OLYMPIA – Spokane officials repeated their pitch for a state program that keeps tabs on car thieves when they get out of prison, presenting figures on individuals who are responsible for their own crime waves.
Better community supervision by the state Department of Corrections after they serve their sentence might stem the tide of property crimes washing over Spokane and other Washington cities, they said.
“We know that what we’re doing right now is not working,” Spokane Police Chief Craig Meidl told the House Public Safety Committee.
Meidl said the Spokane area has a group of career car thieves he called “the top 25.” Among them, they are responsible for 200 vehicle thefts and 1,400 other crimes, primarily other property or drug crimes.
One car thief with 14 felonies on his record is responsible for 222 other crimes, and several others have criminal records in triple digits, Meidl said.
“The vast majority of our crimes are driven by drug addiction,” he added.
One car thief is particular to a certain make of vehicle: he estimates he’s stolen 130 Subarus, although sometimes he just stole one to get him from one location to another, then left it.
Members of the committee seemed incredulous. Rep. Jenny Graham, R-Spokane, asked if those who had drug or alcohol abuse problems were getting treatment in prison. Yes, a Department of Corrections staff member said, although the number of treatment slots are limited.
“How can they be back in the community so quickly,” Rep. Robert Sutherland, R-Granite Falls, asked.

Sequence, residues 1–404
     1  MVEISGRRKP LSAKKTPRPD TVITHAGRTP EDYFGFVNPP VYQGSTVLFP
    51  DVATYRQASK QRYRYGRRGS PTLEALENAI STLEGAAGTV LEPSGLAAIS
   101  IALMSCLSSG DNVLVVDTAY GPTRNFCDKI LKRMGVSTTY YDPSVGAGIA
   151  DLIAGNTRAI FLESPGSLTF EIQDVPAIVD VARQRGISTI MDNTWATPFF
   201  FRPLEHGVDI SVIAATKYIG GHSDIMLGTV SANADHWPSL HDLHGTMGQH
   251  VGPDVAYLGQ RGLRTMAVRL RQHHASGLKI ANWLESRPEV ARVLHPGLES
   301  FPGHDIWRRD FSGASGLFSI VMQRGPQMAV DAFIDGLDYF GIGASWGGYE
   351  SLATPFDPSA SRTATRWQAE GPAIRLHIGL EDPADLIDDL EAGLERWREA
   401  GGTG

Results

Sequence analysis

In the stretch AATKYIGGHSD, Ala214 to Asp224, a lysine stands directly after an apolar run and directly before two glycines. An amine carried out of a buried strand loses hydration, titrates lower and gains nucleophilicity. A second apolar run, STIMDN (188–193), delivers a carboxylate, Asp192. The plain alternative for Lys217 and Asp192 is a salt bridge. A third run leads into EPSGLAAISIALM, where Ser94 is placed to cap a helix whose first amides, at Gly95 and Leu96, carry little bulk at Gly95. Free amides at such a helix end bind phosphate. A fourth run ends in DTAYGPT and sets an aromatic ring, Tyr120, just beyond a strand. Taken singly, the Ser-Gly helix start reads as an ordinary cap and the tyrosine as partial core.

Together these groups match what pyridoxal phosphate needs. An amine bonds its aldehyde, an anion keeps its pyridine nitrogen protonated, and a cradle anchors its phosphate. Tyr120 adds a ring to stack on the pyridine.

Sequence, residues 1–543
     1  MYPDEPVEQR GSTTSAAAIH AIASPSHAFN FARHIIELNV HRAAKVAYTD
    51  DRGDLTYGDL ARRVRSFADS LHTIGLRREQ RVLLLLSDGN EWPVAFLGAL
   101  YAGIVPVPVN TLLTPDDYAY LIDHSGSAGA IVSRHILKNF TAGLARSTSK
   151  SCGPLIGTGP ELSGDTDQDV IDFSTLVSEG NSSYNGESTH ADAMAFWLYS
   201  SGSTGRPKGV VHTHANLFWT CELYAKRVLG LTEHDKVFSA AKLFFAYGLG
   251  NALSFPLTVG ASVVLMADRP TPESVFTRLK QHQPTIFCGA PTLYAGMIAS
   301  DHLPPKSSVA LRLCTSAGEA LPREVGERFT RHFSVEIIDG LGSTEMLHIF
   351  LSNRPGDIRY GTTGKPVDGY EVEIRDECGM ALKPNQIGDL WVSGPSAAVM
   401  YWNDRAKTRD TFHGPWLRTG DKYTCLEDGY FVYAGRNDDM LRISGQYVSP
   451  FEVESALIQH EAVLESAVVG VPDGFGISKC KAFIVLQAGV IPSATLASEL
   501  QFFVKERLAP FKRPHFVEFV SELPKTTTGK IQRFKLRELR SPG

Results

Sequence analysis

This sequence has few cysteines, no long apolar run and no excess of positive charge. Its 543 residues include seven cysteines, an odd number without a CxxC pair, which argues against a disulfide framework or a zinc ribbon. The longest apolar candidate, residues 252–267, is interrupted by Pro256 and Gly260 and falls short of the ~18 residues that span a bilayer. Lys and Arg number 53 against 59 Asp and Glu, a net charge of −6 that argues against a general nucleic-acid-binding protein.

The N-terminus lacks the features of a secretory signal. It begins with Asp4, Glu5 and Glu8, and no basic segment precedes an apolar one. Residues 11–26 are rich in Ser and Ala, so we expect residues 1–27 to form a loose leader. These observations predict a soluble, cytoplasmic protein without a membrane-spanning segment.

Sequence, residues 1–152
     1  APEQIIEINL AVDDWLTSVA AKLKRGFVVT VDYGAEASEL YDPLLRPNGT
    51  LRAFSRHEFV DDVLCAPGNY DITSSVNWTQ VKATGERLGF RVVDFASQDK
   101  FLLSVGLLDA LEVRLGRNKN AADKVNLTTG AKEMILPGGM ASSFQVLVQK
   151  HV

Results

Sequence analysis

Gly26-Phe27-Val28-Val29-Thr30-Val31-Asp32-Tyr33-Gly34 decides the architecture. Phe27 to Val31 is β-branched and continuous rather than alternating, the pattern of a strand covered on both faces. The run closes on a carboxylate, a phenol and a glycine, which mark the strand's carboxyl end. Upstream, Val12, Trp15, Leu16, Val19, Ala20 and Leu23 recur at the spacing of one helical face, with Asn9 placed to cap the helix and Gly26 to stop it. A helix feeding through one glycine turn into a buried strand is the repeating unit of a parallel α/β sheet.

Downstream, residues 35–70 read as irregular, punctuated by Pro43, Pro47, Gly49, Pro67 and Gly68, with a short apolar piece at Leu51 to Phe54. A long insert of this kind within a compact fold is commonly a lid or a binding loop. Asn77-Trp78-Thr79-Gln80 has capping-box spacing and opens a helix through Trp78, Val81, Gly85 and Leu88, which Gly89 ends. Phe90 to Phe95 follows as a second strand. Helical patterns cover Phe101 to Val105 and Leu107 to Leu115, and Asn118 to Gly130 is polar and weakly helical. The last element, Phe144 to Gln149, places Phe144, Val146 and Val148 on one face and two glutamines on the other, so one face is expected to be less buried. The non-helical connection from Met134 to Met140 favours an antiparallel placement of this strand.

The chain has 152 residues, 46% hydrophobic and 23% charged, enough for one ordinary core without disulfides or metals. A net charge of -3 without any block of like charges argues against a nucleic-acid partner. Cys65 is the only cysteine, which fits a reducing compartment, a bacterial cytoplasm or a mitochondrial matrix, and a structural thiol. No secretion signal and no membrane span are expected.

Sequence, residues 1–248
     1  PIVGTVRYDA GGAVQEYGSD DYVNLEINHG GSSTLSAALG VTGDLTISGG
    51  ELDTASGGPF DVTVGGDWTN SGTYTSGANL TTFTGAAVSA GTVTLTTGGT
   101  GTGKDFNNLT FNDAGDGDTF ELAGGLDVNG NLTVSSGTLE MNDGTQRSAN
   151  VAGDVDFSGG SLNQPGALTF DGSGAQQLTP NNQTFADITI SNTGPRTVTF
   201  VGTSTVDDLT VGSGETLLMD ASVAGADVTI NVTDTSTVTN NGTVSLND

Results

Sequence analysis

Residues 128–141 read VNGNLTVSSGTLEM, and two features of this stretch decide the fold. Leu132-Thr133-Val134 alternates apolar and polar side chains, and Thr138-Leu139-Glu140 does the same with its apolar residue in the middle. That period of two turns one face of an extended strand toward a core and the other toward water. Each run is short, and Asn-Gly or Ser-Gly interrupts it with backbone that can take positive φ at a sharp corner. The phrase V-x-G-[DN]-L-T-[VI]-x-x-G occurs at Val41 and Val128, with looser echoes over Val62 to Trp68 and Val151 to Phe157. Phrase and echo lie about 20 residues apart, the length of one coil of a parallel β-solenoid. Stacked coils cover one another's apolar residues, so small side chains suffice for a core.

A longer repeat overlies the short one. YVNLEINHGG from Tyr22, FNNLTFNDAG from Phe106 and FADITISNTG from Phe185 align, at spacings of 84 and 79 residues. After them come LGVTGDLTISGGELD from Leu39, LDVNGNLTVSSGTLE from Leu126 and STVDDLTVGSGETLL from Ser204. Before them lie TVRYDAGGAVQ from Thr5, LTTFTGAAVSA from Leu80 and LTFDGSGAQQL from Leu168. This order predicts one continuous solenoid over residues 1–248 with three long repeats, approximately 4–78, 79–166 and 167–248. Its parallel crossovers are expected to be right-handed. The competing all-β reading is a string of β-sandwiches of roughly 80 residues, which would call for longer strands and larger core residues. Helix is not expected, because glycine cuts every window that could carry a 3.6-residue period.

“That’s the question our officers have every day,” Meidl said. “What happens after they get booked into jail is up to the rest of the system.”
Meidl, Spokane Mayor David Condon and Spokane City Councilman Breean Beggs asked the committee to support a bill that would allow judges to sentence people convicted of felony car theft to six months to a year of community supervision, with some provisions for shortening the time in prison. The community supervision program would be tailored to the released inmate to help with housing and substance abuse treatment and require regular meetings with a community corrections officer.
The state dropped community supervision programs for nonviolent criminals about 10 years ago to save money during the recession. Asked why the proposal focuses only on auto thefts, Condon said it was a cost issue, but, if it works there, the program could be expanded to other property crimes.
The Senate has already approved the proposal, and it seems likely to pass the committee. Chairman Roger Goodman, D-Kirkland, said his car windows were smashed two weeks ago.
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